“Look at [this] chorus of entitled white men justifying a serial rapist’s arrogated entitlement,” Carol Christine Fair, an associate professor in Georgetown’s Security Studies program, tweeted Saturday. “All of them deserve miserable deaths while feminists laugh as they take their last gasps. Bonus: we castrate their corpses and feed them to swine? Yes.”


AMERIGIRL: Ih the same way that some commenters ignore facts, the rest of us ignore those commenters. I sort of feel sorry for them; every day they must deal with a society that is inexorably changing in ways that cause them unhappiness because they cannot adapt or control what is uncontrollable,..


Do you mean the same kind of facts as Jussie Smoolet pushes, or the one fact that your racist governor Northam likes to push by saying he wasnt in that photo. Are those the facts you're talking about? Or how about your Anti Semite Muslim dentist you will.probably vote for on Tuesday? Please elaborate further Loudoun Nonsense


Yes, please.


explain how you can tell who to ignore and who you listen to. I usually fact check anything I question.


and ignore the facts


Are you talking to me? and what are you referring to?


A MERRY Girl, Sandra Fluke. Any questions?


Congrats and thank you to the students in this program. A mighty effort toward developing a model for empathy and understanding among people in this polarized country and world. Folks like roundhillguy and worhardgetahead, are folks who could really benefit from models that hopefully you may be able to develop. Thanks so much!
@roundhillguy and workhard.. Your comments are so telling. At least try to be accurate in your comments. note: Georgetown was founded on a core principle of religious pluralism. If you do a quick check, you can find that during the first ten years of the university's existence, at least 20% of the students were non-Jesuit, which is how it was designed. That # has grown as part of the University's continued pluralistic approach. This diversity is a strength as part of developing a person's "whole self" through empathy and understanding/knowledge. And, yes, there are way too many folks throughout the world that take the tribal view. Maybe you can guess where that view leads a person and how it affects all of us?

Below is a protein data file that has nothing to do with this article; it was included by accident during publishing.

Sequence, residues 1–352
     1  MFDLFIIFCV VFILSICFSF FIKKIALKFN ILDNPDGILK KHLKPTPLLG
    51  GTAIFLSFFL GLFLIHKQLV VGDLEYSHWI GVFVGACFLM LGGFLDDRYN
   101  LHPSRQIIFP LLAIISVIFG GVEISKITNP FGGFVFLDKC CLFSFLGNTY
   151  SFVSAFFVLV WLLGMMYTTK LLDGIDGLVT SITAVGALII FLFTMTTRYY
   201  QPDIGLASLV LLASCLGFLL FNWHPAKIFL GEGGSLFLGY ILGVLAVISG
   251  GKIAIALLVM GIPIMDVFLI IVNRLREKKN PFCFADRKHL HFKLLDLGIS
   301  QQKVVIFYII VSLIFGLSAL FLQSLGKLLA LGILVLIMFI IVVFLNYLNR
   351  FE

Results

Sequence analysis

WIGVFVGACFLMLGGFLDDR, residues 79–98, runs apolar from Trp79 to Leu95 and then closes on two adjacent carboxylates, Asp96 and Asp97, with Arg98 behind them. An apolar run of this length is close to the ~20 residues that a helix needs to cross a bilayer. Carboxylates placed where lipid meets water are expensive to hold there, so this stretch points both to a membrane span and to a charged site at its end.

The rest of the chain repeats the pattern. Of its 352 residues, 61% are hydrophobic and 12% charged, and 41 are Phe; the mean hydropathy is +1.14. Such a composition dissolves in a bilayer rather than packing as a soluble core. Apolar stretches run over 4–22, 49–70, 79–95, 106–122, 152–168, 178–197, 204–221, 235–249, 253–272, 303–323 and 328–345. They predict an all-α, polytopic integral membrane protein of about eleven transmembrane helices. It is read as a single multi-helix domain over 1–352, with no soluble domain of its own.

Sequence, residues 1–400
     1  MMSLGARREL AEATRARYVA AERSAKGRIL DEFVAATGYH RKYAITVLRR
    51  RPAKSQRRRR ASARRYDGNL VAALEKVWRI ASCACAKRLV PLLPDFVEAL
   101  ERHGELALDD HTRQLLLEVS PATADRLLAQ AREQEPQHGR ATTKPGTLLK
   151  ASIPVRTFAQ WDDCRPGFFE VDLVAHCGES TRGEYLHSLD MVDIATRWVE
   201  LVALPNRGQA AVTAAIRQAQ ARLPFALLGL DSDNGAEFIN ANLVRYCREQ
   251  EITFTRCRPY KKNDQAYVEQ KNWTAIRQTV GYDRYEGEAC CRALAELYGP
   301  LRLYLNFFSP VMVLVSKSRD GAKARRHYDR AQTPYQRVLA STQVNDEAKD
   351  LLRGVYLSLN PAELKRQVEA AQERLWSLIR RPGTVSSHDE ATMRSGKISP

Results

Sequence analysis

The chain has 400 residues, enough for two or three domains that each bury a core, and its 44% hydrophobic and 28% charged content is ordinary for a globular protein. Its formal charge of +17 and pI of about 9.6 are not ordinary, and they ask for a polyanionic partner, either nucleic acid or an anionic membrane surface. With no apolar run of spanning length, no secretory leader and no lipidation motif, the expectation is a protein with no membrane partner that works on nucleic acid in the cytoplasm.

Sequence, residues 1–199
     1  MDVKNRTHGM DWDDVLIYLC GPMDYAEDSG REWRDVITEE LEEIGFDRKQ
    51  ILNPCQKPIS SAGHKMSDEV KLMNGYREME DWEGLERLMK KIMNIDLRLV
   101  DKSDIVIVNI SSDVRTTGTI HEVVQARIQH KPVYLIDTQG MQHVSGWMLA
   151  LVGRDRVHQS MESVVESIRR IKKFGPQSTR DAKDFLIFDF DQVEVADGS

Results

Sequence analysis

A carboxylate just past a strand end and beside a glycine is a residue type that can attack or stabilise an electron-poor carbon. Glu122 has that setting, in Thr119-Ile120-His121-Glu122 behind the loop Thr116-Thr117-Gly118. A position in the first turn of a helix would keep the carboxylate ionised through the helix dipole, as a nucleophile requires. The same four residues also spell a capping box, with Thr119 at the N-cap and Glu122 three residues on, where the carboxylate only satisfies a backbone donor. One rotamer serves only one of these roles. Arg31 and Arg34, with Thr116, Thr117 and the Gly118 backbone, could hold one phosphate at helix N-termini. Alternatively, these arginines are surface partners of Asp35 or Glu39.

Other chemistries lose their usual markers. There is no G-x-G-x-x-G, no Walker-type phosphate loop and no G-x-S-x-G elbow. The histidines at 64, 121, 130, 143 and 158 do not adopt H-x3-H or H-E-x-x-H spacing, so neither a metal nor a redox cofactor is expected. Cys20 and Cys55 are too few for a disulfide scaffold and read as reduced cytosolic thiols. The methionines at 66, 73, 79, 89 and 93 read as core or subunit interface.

Catholics and Protestants unite under one God, amazing.


headline should read, Students from Jesuit University in DC meet with Christian college in Purcellville. Georgetown was also founded as a religious university. The Students just forgot.


Right on Round Hill. The Jesuits who founded Georgetown wouldn't understand why the College turns out little Communist now. Totally lost their way.


I think the Jesuits would be more appalled by your remark, considering the number of vets that attend. They are ranked #5 best college for veterans. They turn out great students, especially in medicine and law. You always have something negative to say but you never back it up. Can you tell us why you think that?